If you didn't watch the above play or haven't watched the Syracuse this year you can't possibly understand the utter absurdity that the above photographs represent. Hanging on that rim is Belgian native and JuCo transfer Kristof Ongenaet. He of the 5 second set shot, the floor presence of a Madame Tussaud exhibit and the incomporable EuroHawk hairdo he kicks (it's like a tapered mullet in the rear cut tight on the sides with a texture that seems to lack treatment of shower product). Prior to 3 weeks ago, Ongenaet, while not a liability, didn't exactly add much to the team on either end of the floor other than a warm body and 5 fouls to give on a team that desperately needed both. In that capacity, Ongenaet was a genius. He didn't turn the ball over and he was always good for a hard foul here and there. Lately something has different has been happening.
Ongenaet had a double-double at halftime of the Seton Hall game and has grabbed 8+ boards and played 30+ minutes in almost every game down the stretch. He also gets the 2-3 zone. He is, arguably, the most consistent defender on the wing of the zone only rarely getting out of position. He is versatile enough to scare the deep threat and strong enough to defend the post. On offense he never holds the ball for longer than 2 seconds and is neither a threat to drive or shoot but he is ALWAYS moving. He occupies a defender (or two) and is really the only player who understands the soft spots in zones. Plus he kills the offensive glass. He's either tapping the ball out (or in) or grabbing an extra board in a key spot. He easily leads the team in aggressive / hustle fouls. In terms of basketball smarts, Ongenaet is light years ahead of most of his inexperienced teammates. That's why it was so frustrating to watch him play. You put his brain (and guts) in Donte Greene's body and you have the best player in the game.
For all of these great qualities, Ongenaet doesn't have the confidence to do much with his unique skillset. He can pass and he can drive and he can shoot and he can dunk, he just doesn't. And really, he doesn't even try. In Ongenaet's defense, Syracuse has enough offensive bravado to spare. He's a grinder and in that role he has probably exceeded expectations. Ongenaet is neither asked to nor is he required to provide a spark. But holy shit did he provide a spark on Saturday.
With Marquette making a run early in the second half of Saturday afternoon's game, Ongenaet got loose for the business end of an alley-oop in the halfcourt set. A showing of athleticism so out of character that I literally fell out of my seat at the bar (I was a few deep). But what happened next was the play of the year for Syracuse basketball and perhaps the spark they need to get themselves into the tournament.
With the crowd still buzzing from The Twaffle's alley-oop throwdown, Marquette quickly moved up the floor to try and catch 'Cuse snoozing. As his nature, Ongenaet was already back on D having beaten just about everyone back into position. Marquette's Lazar Hayward was flying towards the hoop when Ongenaet wrenched the ball right from his hands and started up the floor the other way. He quickly crossed over at mid-court and now there was no one between he and the hoop. But Hayward was not going to let this fly. As Ongenaet approached the lane, Hayward was right on his hip pocket and in decent position to deny the shit out of the lanky Belgian as he try and meekly lay the ball on the glass. That's when the unthinkable happened. Ongenaet was flying at the rim with reckless abandon. He rose, and rose and with Marquette's Hayward sharing the same breath, he throws down a two-handed jam while getting violently hacked from behind. His fingers grasp the rim for as long as he can must but with the shared momentum of his acceleration and the added shove of Hayward are too much and he goes flying under the rim in an awkward tumble and smacks his nose on the floor, blood everywhere. The Dome erupts. The bar is in a frenzy. Most of the people in the bar aren't even really watching the game and certainly weren't 'Cuse fans (most were early arrivals for the Duke - N.C. game) but they are screaming at the top of their lungs as the replay rolls across the screen over and over again. It was outstanding.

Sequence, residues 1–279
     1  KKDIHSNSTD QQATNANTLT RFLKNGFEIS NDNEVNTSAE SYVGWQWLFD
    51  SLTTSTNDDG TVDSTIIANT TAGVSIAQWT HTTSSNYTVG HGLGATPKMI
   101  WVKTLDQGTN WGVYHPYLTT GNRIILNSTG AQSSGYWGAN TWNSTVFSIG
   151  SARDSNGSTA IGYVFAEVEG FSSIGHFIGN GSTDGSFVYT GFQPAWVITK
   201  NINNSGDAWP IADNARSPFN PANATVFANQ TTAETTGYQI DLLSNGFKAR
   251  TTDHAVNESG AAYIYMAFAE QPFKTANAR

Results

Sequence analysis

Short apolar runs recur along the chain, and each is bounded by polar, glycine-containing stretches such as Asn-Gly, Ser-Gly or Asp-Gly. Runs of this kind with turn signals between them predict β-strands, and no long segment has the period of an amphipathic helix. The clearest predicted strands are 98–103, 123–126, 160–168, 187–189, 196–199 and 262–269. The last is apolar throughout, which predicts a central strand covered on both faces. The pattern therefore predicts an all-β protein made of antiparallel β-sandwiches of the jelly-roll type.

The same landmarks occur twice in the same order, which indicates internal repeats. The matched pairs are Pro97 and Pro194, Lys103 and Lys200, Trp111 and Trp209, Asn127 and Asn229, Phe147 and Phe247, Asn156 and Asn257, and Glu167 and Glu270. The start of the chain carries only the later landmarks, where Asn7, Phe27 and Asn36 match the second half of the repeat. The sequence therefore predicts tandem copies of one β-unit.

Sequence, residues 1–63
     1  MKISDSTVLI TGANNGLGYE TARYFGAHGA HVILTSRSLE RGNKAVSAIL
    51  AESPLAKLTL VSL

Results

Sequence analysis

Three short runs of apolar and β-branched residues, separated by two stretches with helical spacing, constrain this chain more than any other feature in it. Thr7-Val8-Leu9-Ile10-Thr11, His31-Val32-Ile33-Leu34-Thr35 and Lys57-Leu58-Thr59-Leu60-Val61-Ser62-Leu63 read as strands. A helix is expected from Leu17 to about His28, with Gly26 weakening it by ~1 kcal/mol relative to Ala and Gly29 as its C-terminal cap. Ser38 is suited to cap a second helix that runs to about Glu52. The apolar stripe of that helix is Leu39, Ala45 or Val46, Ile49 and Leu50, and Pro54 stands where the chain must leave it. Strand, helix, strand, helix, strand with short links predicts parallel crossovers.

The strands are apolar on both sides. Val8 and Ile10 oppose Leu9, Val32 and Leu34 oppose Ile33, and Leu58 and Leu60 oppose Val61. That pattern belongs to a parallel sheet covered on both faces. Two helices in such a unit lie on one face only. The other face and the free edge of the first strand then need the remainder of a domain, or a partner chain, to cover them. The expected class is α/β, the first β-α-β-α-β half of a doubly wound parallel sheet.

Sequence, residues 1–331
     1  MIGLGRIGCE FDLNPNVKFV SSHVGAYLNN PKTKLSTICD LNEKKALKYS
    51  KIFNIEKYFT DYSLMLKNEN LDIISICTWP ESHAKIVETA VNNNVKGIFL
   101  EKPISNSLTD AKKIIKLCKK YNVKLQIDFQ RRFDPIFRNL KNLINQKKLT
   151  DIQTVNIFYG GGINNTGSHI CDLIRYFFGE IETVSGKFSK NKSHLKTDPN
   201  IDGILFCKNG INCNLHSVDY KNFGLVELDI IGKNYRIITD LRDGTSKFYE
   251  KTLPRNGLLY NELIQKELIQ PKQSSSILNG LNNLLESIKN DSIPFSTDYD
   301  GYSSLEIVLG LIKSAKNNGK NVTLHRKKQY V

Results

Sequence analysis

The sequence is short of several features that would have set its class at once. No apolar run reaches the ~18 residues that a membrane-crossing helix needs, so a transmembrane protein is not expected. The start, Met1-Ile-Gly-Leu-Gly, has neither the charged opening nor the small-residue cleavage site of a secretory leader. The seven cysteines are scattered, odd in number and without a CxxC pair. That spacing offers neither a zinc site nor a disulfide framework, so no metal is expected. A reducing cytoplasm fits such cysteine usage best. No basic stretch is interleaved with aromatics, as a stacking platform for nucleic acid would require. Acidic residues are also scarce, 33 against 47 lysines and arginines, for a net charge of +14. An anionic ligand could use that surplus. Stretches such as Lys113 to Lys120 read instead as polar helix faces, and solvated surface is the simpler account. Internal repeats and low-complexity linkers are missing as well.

After that play, Marquette didn't stand a chance. They never came closer than 8 the rest of the way. The team seemed to have a new swagger and the players seemed inspired by the guts of their Euro Grinder. Their reaction was the same as ours: Where did that come from? The kid has never shown that type of athleticism and maybe he doesn't really possess it but he did at that moment and it changed the game and perhaps the season. It's not too often you get to say that about a play or a player. But the Twaffle had that moment and given his drive and his rising confidence, here's hoping he's got more in him.